Creating a Session for Snowpark Java¶
To use Snowpark in your application, you need to create a session. For convenience in writing code, you can also import the names of packages and objects.
In this Topic:
Importing Names from Packages for Snowpark¶
The Snowpark API provides a number of classes in different packages. For convenience, you can import these packages to avoid having to use qualified names for classes.
The com.snowflake.snowpark_java package contains the main classes for the Snowpark API. To import the names in this package:
The com.snowflake.snowpark_java.types package defines classes that you can use to define schemas for semi-structured data.
Creating a Session for Snowpark¶
The first step in using the library is establishing a session with the Snowflake database. To create a session, use the methods in
SessionBuilder class. You can access a
SessionBuilder object by calling the static
builder method in
import com.snowflake.snowpark_java.*; ... // Get a SessionBuilder object. SessionBuilder builder = Session.builder();
To provide the details to establish a session with a Snowflake database (for example, the account identifier, user name, etc.),
either create a properties file (a text file) or programmatically build a
Map containing the properties.
In the properties file or
Map, set the following properties:
URL: Set this to the URL for your account in the form
See Account Identifiers.
If the account identifier contains underscores (
_), replace those underscores with hyphens (
Any additional JDBC parameters (see JDBC Driver Connection Parameter Reference in the JDBC driver documentation) needed to connect to Snowflake (e.g.
To change the logging level (e.g. from
DEBUG), see Changing the Logging Settings.
snowpark_request_timeout_in_seconds: Set this to the maximum number of seconds that the Snowpark library should wait in the following cases:
The default value of this property is 86400 seconds (1 day).
This property was introduced in Snowpark 0.10.0.
To authenticate, you can use the same mechanisms that the JDBC Driver supports. For example, you can use:
password-based authentication (by setting the
For key-pair authentication, you can either:
PRIVATE_KEY_FILEproperty to the path to the private key file.
If the private key is encrypted, set the
PRIVATE_KEY_FILE_PWDproperty to the passphrase for decrypting the key.
PRIVATEKEYproperty to the string value of the unencrypted private key from the private key file. (If the private key is encrypted, you must decrypt the key before setting it as the value of the
To create the session:
Set the properties in the
If you created a properties file, pass the path to the properties file to the
configFilemethod of the
If you programmatically built a
Mapof the properties, pass the
configsmethod of the
Both methods return a
SessionBuilderobject that has these properties.
createmethod of the
SessionBuilderobject to establish the session.
The following is an example of a properties file that sets the basic parameters for connecting to a Snowflake database. The
example is set up to use key-pair authentication. Set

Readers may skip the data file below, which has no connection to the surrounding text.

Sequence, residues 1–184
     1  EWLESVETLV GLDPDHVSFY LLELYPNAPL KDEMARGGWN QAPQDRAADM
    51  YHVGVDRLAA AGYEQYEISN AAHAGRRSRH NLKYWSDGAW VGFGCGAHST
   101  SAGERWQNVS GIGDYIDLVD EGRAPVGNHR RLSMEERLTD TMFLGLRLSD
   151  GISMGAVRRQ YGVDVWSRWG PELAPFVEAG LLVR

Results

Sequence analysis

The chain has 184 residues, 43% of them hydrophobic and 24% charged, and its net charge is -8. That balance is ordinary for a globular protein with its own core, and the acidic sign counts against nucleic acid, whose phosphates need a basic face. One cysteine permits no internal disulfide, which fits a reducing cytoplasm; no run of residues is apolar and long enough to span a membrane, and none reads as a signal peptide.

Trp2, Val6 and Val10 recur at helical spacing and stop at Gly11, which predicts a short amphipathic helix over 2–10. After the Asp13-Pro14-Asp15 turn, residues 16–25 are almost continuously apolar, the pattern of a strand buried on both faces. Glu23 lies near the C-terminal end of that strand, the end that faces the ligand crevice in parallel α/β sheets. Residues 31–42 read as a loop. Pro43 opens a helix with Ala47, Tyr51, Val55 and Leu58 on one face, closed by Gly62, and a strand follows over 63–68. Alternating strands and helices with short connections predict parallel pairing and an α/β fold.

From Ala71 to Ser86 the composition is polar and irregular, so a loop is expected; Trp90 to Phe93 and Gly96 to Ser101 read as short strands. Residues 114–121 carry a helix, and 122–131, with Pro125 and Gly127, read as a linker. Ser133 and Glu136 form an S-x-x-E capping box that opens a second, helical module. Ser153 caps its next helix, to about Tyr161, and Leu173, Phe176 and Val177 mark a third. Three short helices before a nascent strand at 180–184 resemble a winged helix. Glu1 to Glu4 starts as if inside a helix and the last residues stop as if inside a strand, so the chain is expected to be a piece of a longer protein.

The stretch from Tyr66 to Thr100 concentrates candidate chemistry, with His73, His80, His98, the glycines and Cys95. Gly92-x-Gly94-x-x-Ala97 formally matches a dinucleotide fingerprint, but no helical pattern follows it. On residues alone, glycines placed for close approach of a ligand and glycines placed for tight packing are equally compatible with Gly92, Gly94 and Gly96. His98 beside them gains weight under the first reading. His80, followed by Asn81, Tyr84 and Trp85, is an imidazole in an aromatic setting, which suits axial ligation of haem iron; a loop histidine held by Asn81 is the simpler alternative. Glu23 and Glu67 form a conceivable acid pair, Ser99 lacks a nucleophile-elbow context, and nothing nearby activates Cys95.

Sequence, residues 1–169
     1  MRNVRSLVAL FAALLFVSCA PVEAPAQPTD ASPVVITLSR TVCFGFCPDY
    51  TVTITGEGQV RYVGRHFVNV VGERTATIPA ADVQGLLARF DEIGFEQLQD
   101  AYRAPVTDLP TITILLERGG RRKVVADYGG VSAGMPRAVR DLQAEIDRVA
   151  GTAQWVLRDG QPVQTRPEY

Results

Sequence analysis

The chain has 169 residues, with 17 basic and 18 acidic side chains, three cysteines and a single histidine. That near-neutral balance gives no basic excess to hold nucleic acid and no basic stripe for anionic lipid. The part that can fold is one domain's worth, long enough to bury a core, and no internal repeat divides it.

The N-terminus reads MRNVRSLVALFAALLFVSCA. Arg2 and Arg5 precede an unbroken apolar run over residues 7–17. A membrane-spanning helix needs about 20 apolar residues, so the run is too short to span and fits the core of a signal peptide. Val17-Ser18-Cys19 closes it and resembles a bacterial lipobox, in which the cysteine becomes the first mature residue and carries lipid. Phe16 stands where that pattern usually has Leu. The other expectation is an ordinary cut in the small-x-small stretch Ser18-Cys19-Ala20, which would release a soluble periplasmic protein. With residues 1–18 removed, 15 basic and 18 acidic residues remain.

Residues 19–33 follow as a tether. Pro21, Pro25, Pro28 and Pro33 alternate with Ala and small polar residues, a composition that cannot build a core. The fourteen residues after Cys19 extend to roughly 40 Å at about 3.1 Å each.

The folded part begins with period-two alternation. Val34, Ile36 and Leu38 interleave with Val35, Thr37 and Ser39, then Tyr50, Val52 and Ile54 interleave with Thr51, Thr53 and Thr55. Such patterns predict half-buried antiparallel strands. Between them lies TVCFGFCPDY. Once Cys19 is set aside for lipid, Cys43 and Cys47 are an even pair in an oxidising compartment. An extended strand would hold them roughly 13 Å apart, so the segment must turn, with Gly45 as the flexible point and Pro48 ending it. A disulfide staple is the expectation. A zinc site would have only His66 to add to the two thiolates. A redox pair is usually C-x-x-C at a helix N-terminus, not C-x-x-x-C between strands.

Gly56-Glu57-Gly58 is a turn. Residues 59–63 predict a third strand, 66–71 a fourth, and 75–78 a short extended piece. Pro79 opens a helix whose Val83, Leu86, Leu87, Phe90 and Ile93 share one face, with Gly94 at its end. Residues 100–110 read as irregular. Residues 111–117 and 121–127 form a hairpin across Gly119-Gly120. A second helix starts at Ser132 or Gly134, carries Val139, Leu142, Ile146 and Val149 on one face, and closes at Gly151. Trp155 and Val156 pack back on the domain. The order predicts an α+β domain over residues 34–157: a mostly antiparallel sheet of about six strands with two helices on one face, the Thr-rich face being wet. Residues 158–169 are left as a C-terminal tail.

PRIVATE_KEY_FILE to the path to the private key file. In addition,
if the private key is encrypted, you must set
PRIVATE_KEY_FILE_PWD to the passphrase for decrypting the private key:
# profile.properties file (a text file) URL = https://<account_identifier>.snowflakecomputing.com USER = <username> PRIVATE_KEY_FILE = </path/to/private_key_file.p8> PRIVATE_KEY_FILE_PWD = <if the private key is encrypted, set this to the passphrase for decrypting the key> ROLE = <role_name> WAREHOUSE = <warehouse_name> DB = <database_name> SCHEMA = <schema_name>
As an alternative, you can set the
PRIVATEKEY property to the unencrypted private key from the private key file.
# profile.properties file (a text file) URL = https://<account_identifier>.snowflakecomputing.com USER = <username> PRIVATEKEY = <unencrypted_private_key_from_the_private_key_file> ROLE = <role_name> WAREHOUSE = <warehouse_name> DB = <database_name> SCHEMA = <schema_name>
The following example uses this properties file to create a new session:
// Create a new session, using the connection properties // specified in a file. Session session = Session.builder().configFile("/path/to/properties/file").create();
The following example uses a Map to set the properties:
import com.snowflake.snowpark_java.*; import java.util.HashMap; import java.util.Map; ... // Create a new session, using the connection properties // specified in a Map. // Replace the <placeholders> below. Map<String, String> properties = new HashMap<>(); properties.put("URL", "https://<account_identifier>.snowflakecomputing.com:443"); properties.put("USER", "<user name>"); properties.put("PRIVATE_KEY_FILE", "</path/to/private_key_file.p8>"); properties.put("PRIVATE_KEY_FILE_PWD", "<if the private key is encrypted, set this to the passphrase for decrypting the key>"); properties.put("ROLE", "<role name>"); properties.put("WAREHOUSE", "<warehouse name>"); properties.put("DB", "<database name>"); properties.put("SCHEMA", "<schema name>"); Session session = Session.builder().configs(properties).create();
Closing a Session¶
If you no longer need to use a session for executing queries and you want to cancel any queries that are currently running, call
close method of the
Session object. For example:
// Close the session, cancelling any queries that are currently running, and // preventing the use of this Session object for performing any subsequent queries. session.close();